The ecosystems protected under the Endangered Species Act are important to humans for more than just their gas or coal. They are important for the food, clean air, and clean water they provide.  They are necessary as climate sinks to reduce atmospheric carbon and  slow the effects of climate change.  If the Endangered Species Act is limited or repealed, humans will lose the wide range of services these coastal wetlands mountains and great plains provide.

Some see Donald Trump’s incoming presidency as their chance to roll back environmental policies that are “blocking economic development.” To these decision makers, the Antiquities Act and Endangered Species Act are roadblocks to oil, gas, and coal industries, and must be repealed under the guise of protecting the working class American. But as we see climate change having more immediate impacts with record breaking annual temperatures and increasing numbers of severe storms, promoting coal, gas, and oil production hurts every American.

What is needed is a shift to renewable energy sources, which have the potential to create thousands of new jobs if embraced with the same enthusiasm as oil and coal in past decades. It is more important now than ever that people get involved at the grassroots level to have their voice heard, and show this new administration that climate change matters.


Our Federal Lands At Risk

by Lillian Anderson

This week, the House of Representatives passed a new rules package that places our federal lands at risk.

source: arcgis.com
Map of U.S. Federal Lands, source: arcgis.com

In the past, it has been difficult to transfer federal lands to the control of state governments because the lands hold clear value and generate revenue. If lands were taken out of federal control, the House had to account for the money that the U.S. Treasury would lose by proposing budget cuts or introducing a new source of revenue. The new rule passed by the House of Representatives, however, overturns this requirement that ensures the protection of our federal lands.

It will be much easier now for incoming members of Congress to hand out federal land to state governments. Restrictions on state lands are much less stringent than those on federal lands, and they are easier to sell to private companies. It is likely that state governments lacking funds will sell off these lands for extra revenue. This means,  lands that had previously been set aside for purposes like wildlife habitat and recreation are now at risk of extractive industries and development.

George Washington National Forest
George Washington National Forest

Representative Raul Grijalva of the Natural Resources Committee has stated that this rule change is “a flagrant attack on places and resources valued and beloved by the American people,” and we agree. This issue affects us on the east coast because we have so few protected federal lands as is. We cannot afford to lose any more of these cherished places.

You can help us fight this change by contacting your representative and letting them know that we, their constituents, care about these issues and will not support changes that place our publicly owned land at risk.

Find out who your representative is here: http://ourwild.wilderness.org/#/action


The Washington Post: House GOP rules change will make it easier to sell off federal land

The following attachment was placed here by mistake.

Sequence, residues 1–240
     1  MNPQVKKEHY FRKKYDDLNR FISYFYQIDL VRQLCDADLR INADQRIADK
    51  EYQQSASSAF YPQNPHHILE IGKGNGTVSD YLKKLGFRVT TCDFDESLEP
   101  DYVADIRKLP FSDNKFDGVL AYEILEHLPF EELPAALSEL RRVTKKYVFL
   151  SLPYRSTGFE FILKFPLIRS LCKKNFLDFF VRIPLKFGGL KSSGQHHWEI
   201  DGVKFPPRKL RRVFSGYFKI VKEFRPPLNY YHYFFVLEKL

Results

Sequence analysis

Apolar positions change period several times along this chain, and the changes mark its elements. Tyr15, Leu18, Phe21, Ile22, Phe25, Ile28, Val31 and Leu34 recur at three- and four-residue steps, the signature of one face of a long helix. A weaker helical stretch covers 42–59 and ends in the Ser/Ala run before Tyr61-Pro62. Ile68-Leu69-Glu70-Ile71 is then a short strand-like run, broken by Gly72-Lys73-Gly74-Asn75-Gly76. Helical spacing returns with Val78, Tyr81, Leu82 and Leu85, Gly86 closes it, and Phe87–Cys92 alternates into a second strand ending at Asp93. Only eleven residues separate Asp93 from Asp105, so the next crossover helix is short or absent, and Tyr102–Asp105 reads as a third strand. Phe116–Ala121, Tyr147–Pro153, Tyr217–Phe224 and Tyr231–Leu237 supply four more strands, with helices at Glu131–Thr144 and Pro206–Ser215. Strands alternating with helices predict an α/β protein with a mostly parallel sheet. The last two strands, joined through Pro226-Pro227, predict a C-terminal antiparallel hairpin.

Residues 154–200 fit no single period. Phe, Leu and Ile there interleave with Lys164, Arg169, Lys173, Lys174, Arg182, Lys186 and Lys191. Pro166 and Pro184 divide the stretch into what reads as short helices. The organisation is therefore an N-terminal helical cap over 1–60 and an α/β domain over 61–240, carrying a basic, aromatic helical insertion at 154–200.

Virginia’s Blue Ridge Mountains Recommended as Future Priority Conservation Area

by Julia Travers

A study in the journal, Proceedings of the National Academy of Sciences of the United States of America, (PNAS) identifies our very own Blue Ridge Mountains as a recommended priority area for future conservation, along with eight other areas. The study also states that much of the protected lands in the U.S. are not aligned with the nation’s conservation priorities. This study, “U.S. protected lands mismatch biodiversity priorities,” was carried out by Clinton N. Jenkins, Kyle S. Van Houtan, Stuart L. Pimm, and Joseph O. Sexton, and can be read at pnas.org/content/112/16/5081.

While the majority of U.S. protected land is in the West, the majority of vulnerable species are in the Southeast. The article shares that the most imperiled groups of vulnerable species are those with small geographic ranges. A species range can be measured by both U.S. and global standards. The species’ level of endemism, or being unique to a defined geographic location, was another important factor in determining their vulnerability. In order to explore and evaluate which areas of the country need to be prioritized for further conservation, the researchers mapped biodiversity by “overlaying range maps for terrestrial vertebrates, freshwater fish, and trees, the taxa for which spatial data were sufficient.” The study found that, “[p]atterns of endemism for all taxa are consistently centered in the Southeast, although the west also has significant mammal endemism.”

Most lands in the east and center of the U.S. are privately owned and unprotected. While conservation easements on private land exist and are still being inventoried, it is clear they are not covering the most “endemic-rich” areas. The >1200 endemic species this study focused on were given priority scores which were, in turn, used to identify geographic areas of recommended conservation priority. The Southeast, California, and Texas were the highest-priority areas identified, specifically: the Blue Ridge Mountains; Sierra Nevada Mountains; California Coast Ranges; Tennessee, Alabama, and northern Georgia watersheds; Florida panhandle; Florida Keys, Klamath Mountains; South-Central Texas around Austin and San Antonio; and Channel Islands of California. A map of the priority areas identified is below.